Guest Post By Marissa Heidinger
“Why, O my soul, are you downcast? Why so disturbed within me? Put your hope in God, for I will yet praise him, my Savior and my God.”
Psalm 42:11, NIV
“I Will Yet Praise Him”
If ever a man knew what it was like to always be running for his life, it was David. First Saul, who constantly went back and forth between hating him and making peace with him. One minute, he wanted to kill him, the next he was apologizing and promising not to harm him anymore. Later, even David’s own son, Absalom, conspired against him to take his place as king. David had to take his servants and flee into the mountains. For much of his life, David was running from people who hated him.
In Psalm 42 and 43, David prays for help and deliverance from his enemies. He’s tired of running. Tired of being hunted like an animal. He pleads with God to show Himself and save him from his enemies who are constantly mocking His faith in God. He feels like God has abandoned him. He writes,
“My tears have been my food day and night, while men say to me all day long, ‘Where is your God?’ I say to God my Rock, ‘Why have you forgotten me? Why must I go about mourning, oppressed by the enemy?’”
Psalm 42:3, 11
The storm of oppression is weighing on him, and he longs for God to prove Himself, to save him, to deliver him. It almost seems to him that God has forsaken him.
Yet even through all of this, David keeps coming back to one amazing theme: “Put your hope in God, for I will yet praise him, my Savior and my God.”
Did you catch that? “For I will yet praise Him…” Through everything he is going through, David still trusts God and still praises Him. Why? Why would David praise God when he is facing so much? When God seems to be so far away? Why would he give thanks for what seems to be such a cursing, for that which he is pleading with God to save him from?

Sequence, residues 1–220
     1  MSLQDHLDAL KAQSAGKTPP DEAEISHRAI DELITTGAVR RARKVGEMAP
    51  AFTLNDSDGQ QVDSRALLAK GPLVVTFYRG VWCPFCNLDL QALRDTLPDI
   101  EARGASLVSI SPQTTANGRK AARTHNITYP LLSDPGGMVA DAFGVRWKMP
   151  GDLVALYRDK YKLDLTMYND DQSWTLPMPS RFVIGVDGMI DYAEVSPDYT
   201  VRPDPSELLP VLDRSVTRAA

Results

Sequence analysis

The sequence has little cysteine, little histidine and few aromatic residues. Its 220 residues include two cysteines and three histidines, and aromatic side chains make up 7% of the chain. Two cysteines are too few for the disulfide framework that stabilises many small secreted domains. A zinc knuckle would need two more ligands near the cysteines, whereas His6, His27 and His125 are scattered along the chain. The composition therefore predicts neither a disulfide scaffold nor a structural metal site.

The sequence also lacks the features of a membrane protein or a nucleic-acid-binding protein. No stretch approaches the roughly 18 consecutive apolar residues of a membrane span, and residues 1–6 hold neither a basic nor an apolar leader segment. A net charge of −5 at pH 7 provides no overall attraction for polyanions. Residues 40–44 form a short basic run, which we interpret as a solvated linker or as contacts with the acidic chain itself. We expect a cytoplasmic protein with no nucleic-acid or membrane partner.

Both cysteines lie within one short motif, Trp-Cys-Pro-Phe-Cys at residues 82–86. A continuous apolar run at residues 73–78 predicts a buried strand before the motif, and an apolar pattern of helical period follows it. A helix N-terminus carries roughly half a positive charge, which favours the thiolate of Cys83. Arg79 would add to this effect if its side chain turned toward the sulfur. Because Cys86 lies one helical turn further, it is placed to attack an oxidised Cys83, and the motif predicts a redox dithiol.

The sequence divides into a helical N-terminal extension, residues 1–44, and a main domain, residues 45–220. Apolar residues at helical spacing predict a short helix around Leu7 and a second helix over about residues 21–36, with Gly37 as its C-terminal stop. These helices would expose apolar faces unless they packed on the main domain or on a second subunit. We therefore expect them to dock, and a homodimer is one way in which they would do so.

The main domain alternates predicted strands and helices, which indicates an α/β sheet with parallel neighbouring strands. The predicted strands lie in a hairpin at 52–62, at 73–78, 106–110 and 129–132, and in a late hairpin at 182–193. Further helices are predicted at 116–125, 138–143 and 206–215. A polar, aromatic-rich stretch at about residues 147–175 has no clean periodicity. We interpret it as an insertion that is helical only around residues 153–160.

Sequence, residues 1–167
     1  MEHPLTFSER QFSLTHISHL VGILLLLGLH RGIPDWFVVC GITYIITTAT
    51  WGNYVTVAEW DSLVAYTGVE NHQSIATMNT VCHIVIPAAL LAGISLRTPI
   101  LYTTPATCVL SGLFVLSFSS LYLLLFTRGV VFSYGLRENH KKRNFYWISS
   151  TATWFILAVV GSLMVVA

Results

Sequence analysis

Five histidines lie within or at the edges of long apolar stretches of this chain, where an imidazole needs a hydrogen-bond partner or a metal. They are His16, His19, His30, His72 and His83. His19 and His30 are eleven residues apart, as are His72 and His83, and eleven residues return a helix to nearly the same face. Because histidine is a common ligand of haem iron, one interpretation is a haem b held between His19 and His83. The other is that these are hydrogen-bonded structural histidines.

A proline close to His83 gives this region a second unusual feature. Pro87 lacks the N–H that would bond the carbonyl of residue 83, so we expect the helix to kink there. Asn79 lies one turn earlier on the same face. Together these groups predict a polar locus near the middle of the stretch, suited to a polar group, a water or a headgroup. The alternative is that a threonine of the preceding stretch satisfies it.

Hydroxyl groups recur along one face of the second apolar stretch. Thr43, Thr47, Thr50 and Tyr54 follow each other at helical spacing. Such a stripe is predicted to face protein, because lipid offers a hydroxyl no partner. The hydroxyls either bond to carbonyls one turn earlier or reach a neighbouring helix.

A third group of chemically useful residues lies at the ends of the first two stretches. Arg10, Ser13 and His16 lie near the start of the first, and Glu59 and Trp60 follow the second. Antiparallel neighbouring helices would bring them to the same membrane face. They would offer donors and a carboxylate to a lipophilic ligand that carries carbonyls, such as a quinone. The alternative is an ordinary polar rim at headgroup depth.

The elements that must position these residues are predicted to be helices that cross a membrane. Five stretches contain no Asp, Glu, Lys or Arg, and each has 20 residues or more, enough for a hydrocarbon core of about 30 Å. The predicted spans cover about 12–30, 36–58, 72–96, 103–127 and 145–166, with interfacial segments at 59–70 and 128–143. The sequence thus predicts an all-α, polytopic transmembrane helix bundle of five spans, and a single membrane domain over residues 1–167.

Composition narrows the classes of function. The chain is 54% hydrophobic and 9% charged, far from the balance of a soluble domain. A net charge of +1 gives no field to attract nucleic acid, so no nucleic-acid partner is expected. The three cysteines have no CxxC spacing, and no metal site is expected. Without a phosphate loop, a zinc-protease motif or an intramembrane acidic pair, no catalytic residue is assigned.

The Miracle of Thankfulness
In the Greek language, thanksgiving, grace, and joy, are all tied together in one word, eucharisteo. At first, these words may not seem entirely connected, but look closer—they are.
Grace is a gift from God, right? So then, would giving thanks be the accepting of God’s gift to us? But what if God’s grace isn’t always what we expect it to be? What if His grace doesn’t really feel like grace?
Let me put it this way. Thanksgiving is the accepting of all of God’s gifts to us, no matter what they are. Even if, sometimes, those gifts hurt. Many times, instead of accepting what God gives us, we complain. We say, “No, God, I refuse to accept this as a gift from You. I won’t take Your gifts.” And in not accepting what God gives, we make ourselves all the more miserable.
Now, there’s another word enveloped in the word, eucharisteo. It’s “joy.” Where, in all of this, does joy come in? Well, if we trustingly accept all the gifts of God, fully, then the natural result is joy. Fullness of joy. When we stop telling God “No!” and begin to accept His leading, praising Him for His gifts, the effect of that, is joy overflowing.
This is why David praised God for the seemingly terrible circumstances that surrounded him day and night. He asked God to deliver him, yes, but notice he didn’t say “No!” to God. He simply said, “I will yet praise Him.” Which is to say, “Even in all these trials, I will accept what You give me, in gratitude, knowing that You know what is best.”
In thanksgiving, David accepted the grace (the gifts) of God. And it led him to joy. Not only that, but peace as well. See, when we trust that God knows what He’s doing, and accept the gifts He gives us in infinite love and wisdom, we have nothing to fear, and with David can say, “I will yet praise Him.”
How many gifts of God are we rejecting because we don’t like them, because they seem to hurt, initially? How much joy are we forfeiting because we aren’t accepting His grace? My challenge to you is this: accept all God’s grace with thankfulness. It will lead you to joy that will bubble over into every aspect of your life.
Marissa Heidinger is a 17-year-old Christian girl who loves writing, photography, music, and the outdoors. She lives in Oregon with her parents and two younger sisters. Her goal is to show Jesus’ love to as many people as she can.